LLU set for yet more delays

A proposal by the department of communications that a comprehensive regulatory impact assessment be conducted ahead of local-loop unbundling once again looks set to delay the process. By Craig Wilson.

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Is the department of communications trying to delay the unbundling of Telkom’s local loop? Industry insiders believe its proposal that the Independent Communications Authority of South Africa (Icasa) first conduct a regulatory impact assessment, or RIA, suggests just that.

The purpose of the RIA would be to gauge the likely effect local-loop unbundling (LLU) — opening Telkom’s “last mile” of copper-cable infrastructure to its competitors — would have on the South African telecommunications sector. But doing so could stall the process, possibly by years. Unbundling is already years behind schedule and was meant to have taken place by 2011.

Last week, Icasa confirmed that it had finalised draft regulations on LLU, but said it wouldn’t publish them until communications minister Yunus Carrim looked them over and provided feedback. This followed a meeting with Icasa at which both Carrim and communications department director-general Rosey Sekese were present.

Icasa was meant to have published the draft regulations last month.

The authority, which is meant to be independent of the executive arm of government, does not require the minister’s approval before publishing regulations. However, it said it did not want to have to withdraw or review the regulations later should Carrim have “another view”.

Unbundling was originally meant to be completed by November 2011 following a policy direction issued in 2007 by then-communications minister, Ivy Matsepe-Casaburri. Now Icasa says it wants to complete the regulations for LLU by March 2014.

Carrim’s spokesman, Siya Qoza, says the department of communications is “in discussions” with Icasa about conducting a RIA as part of “evidence-based policy and regulatory work”.

“In this instance, we believe that a RIA study would help establish an understanding of the evolution of the market after LLU,” Qoza says.

Such a study would benefit the department’s policy review process and the cost-to-communicate programme, he says.

“We fully respect the independence of Icasa. Our engagements with them are designed to facilitate progress on key issues,” Qoza adds. “Icasa is not objecting to a RIA study but has indicated that it does not have sufficient funds for such a study. We are also discussing how the department can assist.”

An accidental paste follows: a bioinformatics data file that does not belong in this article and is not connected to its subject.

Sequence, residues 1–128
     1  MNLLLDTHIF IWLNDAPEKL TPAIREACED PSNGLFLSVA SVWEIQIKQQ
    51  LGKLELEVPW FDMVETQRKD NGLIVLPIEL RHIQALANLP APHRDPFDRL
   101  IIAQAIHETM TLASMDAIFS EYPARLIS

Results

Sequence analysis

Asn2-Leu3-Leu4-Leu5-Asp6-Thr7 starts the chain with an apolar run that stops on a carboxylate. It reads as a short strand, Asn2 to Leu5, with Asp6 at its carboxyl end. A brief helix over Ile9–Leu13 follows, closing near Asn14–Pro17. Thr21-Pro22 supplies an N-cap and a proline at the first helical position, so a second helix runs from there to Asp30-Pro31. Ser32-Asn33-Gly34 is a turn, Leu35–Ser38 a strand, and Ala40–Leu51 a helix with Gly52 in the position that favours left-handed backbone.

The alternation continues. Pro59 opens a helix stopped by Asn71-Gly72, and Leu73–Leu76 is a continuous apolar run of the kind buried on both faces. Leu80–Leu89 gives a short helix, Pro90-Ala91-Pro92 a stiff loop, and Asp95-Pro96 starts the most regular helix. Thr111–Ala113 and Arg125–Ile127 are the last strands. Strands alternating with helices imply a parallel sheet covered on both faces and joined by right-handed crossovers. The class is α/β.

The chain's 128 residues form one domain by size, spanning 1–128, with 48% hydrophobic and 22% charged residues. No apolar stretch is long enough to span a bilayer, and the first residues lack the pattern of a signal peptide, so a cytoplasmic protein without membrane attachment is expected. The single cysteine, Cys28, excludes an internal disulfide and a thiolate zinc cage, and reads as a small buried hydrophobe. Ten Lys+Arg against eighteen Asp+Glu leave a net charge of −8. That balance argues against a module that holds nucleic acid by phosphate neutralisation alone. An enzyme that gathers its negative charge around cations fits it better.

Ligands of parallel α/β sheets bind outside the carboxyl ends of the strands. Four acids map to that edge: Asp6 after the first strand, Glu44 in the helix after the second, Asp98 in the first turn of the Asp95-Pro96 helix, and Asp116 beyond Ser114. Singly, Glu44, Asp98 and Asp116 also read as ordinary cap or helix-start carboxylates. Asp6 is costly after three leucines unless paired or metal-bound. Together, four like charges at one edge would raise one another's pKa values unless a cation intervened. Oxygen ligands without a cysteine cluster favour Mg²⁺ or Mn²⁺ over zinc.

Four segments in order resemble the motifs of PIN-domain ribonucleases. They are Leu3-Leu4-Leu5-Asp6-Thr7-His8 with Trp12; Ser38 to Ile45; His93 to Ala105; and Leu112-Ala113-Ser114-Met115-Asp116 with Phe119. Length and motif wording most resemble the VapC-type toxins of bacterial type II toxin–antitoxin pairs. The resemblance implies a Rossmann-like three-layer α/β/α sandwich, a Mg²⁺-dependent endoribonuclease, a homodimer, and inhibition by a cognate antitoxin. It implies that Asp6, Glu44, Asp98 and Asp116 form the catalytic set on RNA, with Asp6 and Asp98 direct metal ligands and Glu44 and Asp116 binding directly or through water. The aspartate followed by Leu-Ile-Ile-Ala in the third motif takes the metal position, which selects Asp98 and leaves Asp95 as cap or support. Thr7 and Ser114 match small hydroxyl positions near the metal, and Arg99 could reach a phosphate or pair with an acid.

However, one senior Icasa insider, speaking on condition of anonymity, tells TechCentral that LLU is “not optional” and that the RIA is just meant to stall the inevitable.

“These are delaying tactics. Everyone is telling us we have to do a RIA, but that’s just so we can postpone the entire thing,” the source says.

Icasa spokesman Paseka Maleka says the authority doesn’t think a RIA is necessary. Under the Electronic Communications Act, LLU is “not optional”, while a RIA is not a requirement. He says Icasa’s view that a RIA is not necessary was “articulated to the department of communications”.

“It is not only due to lack of budget that Icasa is not doing a RIA, but because we are guided by the act,” Maleka says. Icasa has not made a request to the department for funds for a RIA.

The original instruction to unbundle the local loop came in Matsepe-Casaburri’s policy direction, which still stands. The source says that even if Sekese persuades Carrim to withdraw the 2007 policy direction, Icasa remains “legally obliged” to continue with the process under a ruling issued by the authority’s complaints and compliance committee (CCC). “The CCC has instructed us to write the regulations.”

Last May, the CCC found in Neotel’s favour in a dispute over gaining access to two of Telkom’s Johannesburg exchanges. This ruling appeared to imply that Neotel could use existing facilities-leasing regulations to get access to its rival’s last-mile network, preempting LLU.

Telkom has long argued that it faces an “access-line deficit”, in terms of which it loses money on every line in service before value-added services are sold. Icasa, it argues, must take this deficit into account before implementing any form of unbundling.  — (c) 2013 NewsCentral Media

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  • Vusi Sibiya

    And what makes sense to you John, is all the noise that comes from the DA whilst they fail to make any inroads into gaining the support of the masses.

    More and more people are realizing what the DA and their supporters are about and they are quite frankly tired of the BS which turns them into losers every-time we go to the polls.

    Looks like, just as with the slate that opposed Zuma, you are completely in the dark as to what’s coming your way, come next year’s elections but that’s not surprising since your kind, is the kind that can’t make sense of the truth.

  • Vusi Sibiya

    Even more ridiculous since one would expect a moderator to know better… now you’re onto something, seems like you’re slightly more intelligent than the “brown-noser” named Greg.

  • John Mitchell

    Please Duncan, just moderate the troll.

  • Zawahiri

    my only worry about faceless anonymous insider sources is their motives! i am not a fan of the ANC but the secrecy bill will definitely help government to deal harshly with these faceless people who spread personal agendas/ lies as facts.

  • TPM2

    we need competent people…what does yusuf know about IT and comms? delays are unacceptable…fire them

  • Vusi Sibiya

    Initially, I was not ecstatic about the secrecy bill but having heard from celebrity personalities and various others who have been deliberately misrepresented by the media behaving in the manner which they’ve been of late, it would appear that the large majority is in favor of having the media disciplined and hopefully we can return to a time when journalist can report on a story, giving accurate well researched facts and insights.